• Nodejs project. A backend transition was planned, switching the ondisk format from json (inefficient but simple) to protobuf (very efficient). The change to the end user was speed of operations. The site was becoming noticably slow. Involved a lot of code changes. The first 75% of the changes went very well. The code was compartmentalized well. The last 25% hit a lot of code debt. We had to change our schedule, by changing the points assigned to that ticket. It was something that users would appreciate but werent expecting it, so we didnt notify the users. In the end the feature was rolled back. The task changed to do more refactoring to get all of the node.js code using a single set of methods for disk access.

Customer Obsession

1. Describe a difficult interaction you had with a customer. How did you deal with it? What was the outcome? How would you handle it differently?

  • often my customer was the biz dev department. they had an expectation of new features to sell to new and existing clients. often their schedule was not informed by software team feedback. this led to mismatches between what was promised and what was possible. this sometimes made our scheduling difficult because our team also made a schedule based on the roadmap and the dates were very different.Basically it came down to breaking down the tasks again and again into something easier to estimate, and communicating the list of tasks to biz dev, so they had an idea as to what was involved in any given roadmap line item. After a few weeks of back and forth our schedules started to sync. Differently would be earlier communication.

2. Tell me about a time when you went above and beyond for a customer. Why did you do it? How did the customer respond? What was the outcome?

  • A customer wanted their location tracking app to work with the site. It uses different json data to push location data. After looking at the job and realizing it was doable in a reasonable time frame, I extended the API to include the new format. The result was better than I expected because then I enabled the format of two other apps and it started a small ecosystem of apps that were compatible with the site.

Earn trust

1. Tell me about a time when you had to communicate a change in direction that you anticipated people would have concerns with. What did you do to understand the concerns and mitigate them? Were there any changes you made along the way after hearing these concerns? How did you handle questions and/or resistance? Were you able to get people comfortable with the change?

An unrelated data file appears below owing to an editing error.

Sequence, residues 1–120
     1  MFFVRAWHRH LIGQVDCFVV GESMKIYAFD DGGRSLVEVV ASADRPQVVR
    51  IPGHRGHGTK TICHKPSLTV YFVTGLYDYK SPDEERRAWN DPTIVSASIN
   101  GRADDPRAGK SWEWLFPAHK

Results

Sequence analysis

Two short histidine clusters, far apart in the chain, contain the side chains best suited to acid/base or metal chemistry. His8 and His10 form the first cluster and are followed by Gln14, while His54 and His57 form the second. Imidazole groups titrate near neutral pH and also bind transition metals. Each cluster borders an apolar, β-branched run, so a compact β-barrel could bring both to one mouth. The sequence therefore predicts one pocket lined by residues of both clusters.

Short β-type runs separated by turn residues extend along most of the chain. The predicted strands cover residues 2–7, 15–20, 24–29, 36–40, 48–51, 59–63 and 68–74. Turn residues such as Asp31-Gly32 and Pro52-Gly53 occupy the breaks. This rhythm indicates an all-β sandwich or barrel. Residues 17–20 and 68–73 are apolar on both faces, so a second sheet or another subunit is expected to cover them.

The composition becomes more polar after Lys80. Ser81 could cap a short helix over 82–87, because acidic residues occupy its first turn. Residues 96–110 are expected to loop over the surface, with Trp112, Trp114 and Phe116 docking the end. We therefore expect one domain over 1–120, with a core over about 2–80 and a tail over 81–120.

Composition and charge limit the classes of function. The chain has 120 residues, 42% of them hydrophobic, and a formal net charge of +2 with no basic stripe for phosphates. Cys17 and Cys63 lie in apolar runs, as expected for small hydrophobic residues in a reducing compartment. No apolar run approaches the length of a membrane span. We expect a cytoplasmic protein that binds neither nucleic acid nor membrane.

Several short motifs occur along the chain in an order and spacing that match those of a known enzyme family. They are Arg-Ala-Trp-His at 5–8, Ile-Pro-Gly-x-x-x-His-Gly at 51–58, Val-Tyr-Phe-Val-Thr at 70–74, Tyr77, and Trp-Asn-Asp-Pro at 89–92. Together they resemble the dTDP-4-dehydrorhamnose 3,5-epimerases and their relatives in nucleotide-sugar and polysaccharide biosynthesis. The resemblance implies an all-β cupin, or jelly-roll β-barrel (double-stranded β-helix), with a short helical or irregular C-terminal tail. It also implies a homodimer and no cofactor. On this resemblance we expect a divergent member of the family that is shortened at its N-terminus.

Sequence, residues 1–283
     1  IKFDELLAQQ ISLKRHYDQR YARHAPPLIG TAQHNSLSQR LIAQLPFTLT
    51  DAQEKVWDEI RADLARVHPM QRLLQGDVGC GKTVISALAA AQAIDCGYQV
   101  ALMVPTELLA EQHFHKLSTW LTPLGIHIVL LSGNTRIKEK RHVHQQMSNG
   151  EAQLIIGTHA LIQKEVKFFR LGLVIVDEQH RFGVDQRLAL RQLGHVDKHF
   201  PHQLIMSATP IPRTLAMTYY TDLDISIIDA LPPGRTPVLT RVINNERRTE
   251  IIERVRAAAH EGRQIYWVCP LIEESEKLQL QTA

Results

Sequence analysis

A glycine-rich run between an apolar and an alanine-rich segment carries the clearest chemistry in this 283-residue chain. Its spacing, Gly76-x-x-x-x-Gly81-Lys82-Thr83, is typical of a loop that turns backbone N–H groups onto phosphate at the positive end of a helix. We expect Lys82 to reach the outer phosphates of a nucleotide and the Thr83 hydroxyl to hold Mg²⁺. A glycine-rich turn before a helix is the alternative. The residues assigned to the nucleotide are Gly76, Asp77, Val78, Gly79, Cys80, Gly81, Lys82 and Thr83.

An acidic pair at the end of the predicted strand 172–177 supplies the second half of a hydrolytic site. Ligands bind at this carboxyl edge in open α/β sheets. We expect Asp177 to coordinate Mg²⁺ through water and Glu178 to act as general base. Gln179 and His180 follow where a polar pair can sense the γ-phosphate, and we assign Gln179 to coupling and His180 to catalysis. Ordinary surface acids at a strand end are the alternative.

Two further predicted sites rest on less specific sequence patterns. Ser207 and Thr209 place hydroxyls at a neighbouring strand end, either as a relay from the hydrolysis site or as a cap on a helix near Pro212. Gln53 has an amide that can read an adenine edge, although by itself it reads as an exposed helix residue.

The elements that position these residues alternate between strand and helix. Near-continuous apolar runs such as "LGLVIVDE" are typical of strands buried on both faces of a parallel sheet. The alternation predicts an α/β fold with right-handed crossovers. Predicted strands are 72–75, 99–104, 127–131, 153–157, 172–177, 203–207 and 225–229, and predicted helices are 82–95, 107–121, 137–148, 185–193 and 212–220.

• Retirement startup; Balances stored in a sql database. I setup the schema for SQL decimal columns. Some members of the team had always used floats. I had to describe the pitfalls of precision loss by using floats. After the meeting they looked up these known problems with float and agreed with the change.
  • Create a stripe customer account at the same time as user account creation, or delay until verification; delay means less work, nothing to remove, if the account is never verified. immediate creation meant a schma constraint could be added to ensure an account always existed
  • Earned trust from a major investor and largest client of the system. Consistent updates, onsite visits, answered any questions they have.

2. Give me an example of a tough or critical piece of feedback you received. What was it and what did you do about it?

  • My git commit messages are terse and need more detail. First I review the problem to verify it, went over my old messages. Yes some of them are short and dont describe what the patch actually does. I tarted putting more effort into patch descriptions. This was noticed as a positive change by my coworkers.